It's clear that stopping Canadian energy projects does nothing to keep a single molecule of oil and gas in the ground. All it does is cede market share to other producers, often with much weaker protections for human rights and the environment while being a sorely missed economic opportunity for Canadians.
Ignored Reality #5 – A new meaning for ESG = Energy security guarantees
Balancing concerns around energy security and the global environment will be a new challenge for policymakers across the world.
Over the past several years, energy policy and investment have been overwhelmingly focussed on environmental impacts. Energy companies have been pressured to adopt net zero emission targets, while government opposition to fossil fuels has discouraged oil and gas exploration, effectively halting many new projects in the West.
But today’s events are making many leaders rethink their energy policies.
Boris Johnson, Prime Minister of the United Kingdom, brought up the importance of energy security at a recent press conference.
“One of the things we are looking at is the possibility of using more of our own hydrocarbons, and you’ll have heard already about what the business secretary has had to say about licences for UK domestic production,” said Johnson.
“That doesn’t mean we are abandoning our commitment to reducing CO2 … We have got to reflect the reality that there is a crunch on at the moment. We need to intensify our self-reliance as a transition with more hydrocarbons.”
Other nations are also looking for new sources of supply, as energy security concerns develop amid turmoil in global markets.
Latvia’s Ambassador to Canada has suggested his country would welcome shipments of Canadian LNG to help Europe reduce its dependence on other producers.
“We are trying to build a resilient energy system,” Kaspars Ozolins mentioned in an interview. “If Canada is going to invest in LNG, we would wholeheartedly support it.”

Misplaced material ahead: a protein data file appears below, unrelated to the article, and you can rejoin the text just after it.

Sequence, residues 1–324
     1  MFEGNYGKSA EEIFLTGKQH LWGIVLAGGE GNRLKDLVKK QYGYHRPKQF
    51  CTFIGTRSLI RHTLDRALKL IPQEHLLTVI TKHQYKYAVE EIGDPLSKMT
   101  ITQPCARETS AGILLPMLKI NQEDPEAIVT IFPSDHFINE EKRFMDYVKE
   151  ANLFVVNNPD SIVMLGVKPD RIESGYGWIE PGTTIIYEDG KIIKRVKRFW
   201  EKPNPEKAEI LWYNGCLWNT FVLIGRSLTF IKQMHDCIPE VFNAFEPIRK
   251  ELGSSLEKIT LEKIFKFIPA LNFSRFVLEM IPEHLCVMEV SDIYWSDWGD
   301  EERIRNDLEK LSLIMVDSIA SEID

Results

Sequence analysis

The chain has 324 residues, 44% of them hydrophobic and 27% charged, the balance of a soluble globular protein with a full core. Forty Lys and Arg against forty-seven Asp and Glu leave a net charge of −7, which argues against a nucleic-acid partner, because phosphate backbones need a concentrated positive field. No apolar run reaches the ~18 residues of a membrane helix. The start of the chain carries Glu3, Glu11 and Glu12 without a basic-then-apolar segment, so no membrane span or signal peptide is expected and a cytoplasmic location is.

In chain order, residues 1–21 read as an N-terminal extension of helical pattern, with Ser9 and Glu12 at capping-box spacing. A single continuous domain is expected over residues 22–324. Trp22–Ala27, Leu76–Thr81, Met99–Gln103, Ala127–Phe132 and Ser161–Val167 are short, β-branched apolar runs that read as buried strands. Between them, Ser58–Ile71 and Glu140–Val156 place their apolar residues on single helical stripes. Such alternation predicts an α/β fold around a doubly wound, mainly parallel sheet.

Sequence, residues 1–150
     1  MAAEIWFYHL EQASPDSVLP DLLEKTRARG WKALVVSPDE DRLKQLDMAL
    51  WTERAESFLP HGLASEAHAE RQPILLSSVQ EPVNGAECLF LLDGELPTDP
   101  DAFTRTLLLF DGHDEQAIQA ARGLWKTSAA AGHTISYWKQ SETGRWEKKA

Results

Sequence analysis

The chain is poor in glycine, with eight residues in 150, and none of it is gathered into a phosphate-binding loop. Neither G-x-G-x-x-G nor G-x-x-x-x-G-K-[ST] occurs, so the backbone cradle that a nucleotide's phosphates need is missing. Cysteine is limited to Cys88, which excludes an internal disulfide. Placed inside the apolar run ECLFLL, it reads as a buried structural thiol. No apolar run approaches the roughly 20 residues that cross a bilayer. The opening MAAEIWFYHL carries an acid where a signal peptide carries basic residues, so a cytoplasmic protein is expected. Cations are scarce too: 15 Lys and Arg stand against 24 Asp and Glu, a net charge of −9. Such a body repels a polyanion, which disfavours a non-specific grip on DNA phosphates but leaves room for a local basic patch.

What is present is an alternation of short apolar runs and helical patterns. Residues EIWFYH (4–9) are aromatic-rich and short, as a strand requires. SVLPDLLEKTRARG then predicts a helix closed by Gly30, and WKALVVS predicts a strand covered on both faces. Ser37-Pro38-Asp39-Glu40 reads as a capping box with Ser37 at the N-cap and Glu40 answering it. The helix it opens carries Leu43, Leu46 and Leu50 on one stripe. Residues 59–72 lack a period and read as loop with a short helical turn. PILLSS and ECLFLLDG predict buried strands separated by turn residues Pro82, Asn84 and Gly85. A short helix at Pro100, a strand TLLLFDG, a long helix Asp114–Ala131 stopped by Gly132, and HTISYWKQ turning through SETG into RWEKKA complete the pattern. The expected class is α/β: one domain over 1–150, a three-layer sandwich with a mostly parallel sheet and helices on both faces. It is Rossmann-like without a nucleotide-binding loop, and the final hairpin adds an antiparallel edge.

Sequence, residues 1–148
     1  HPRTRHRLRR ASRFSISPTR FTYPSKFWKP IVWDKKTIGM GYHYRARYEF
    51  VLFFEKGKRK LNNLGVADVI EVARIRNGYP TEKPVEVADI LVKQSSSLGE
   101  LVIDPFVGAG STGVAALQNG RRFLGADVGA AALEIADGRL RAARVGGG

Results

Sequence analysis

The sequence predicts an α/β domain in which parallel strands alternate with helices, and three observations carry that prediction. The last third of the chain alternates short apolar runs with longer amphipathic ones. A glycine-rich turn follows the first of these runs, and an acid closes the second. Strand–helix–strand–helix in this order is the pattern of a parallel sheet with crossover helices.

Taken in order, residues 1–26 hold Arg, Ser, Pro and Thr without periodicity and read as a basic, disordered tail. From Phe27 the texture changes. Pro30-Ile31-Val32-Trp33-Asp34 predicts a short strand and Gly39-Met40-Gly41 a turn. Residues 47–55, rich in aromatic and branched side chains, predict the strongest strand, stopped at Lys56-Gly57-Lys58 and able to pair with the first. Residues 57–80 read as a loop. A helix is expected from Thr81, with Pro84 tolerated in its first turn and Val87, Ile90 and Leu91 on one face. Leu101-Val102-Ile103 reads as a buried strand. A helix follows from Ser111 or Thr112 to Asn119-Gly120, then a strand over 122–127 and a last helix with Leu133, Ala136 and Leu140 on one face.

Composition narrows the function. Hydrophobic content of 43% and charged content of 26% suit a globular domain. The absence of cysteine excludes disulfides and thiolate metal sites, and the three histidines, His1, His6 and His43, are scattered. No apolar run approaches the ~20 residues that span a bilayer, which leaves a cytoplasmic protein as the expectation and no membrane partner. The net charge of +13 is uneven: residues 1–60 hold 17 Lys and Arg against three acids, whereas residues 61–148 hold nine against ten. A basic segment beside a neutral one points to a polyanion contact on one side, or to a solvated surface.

Canada, home to a vast wealth of energy resources, has an opportunity to play a key role in providing energy security to trade partners in Europe and elsewhere around the world. With supportive government policies, we can become a go-to oil and gas supplier of choice on international markets in the short to medium-term.
Canadians produce energy under one of the most stringent regulatory regimes seen globally. We are also one of the most transparent and environmentally responsible producers on the planet and should be seen as a stable and reliable source for the world’s energy needs.
Yes, we need to move towards more renewable energy in the fight against climate change, but we also must consider the dangerous and far-reaching ramifications that energy scarcity is having on families around the globe.
Opponents of Canadian oil and gas would do well to understand that security will be a big part of the ‘S’ in ESG moving forward into the future. Canada, a stable and reliable source of energy, can and should be playing a significant role in providing that security to the world – benefiting families and the global environment.
The World Needs More Canada
The world needs more responsibly produced Canadian natural resources!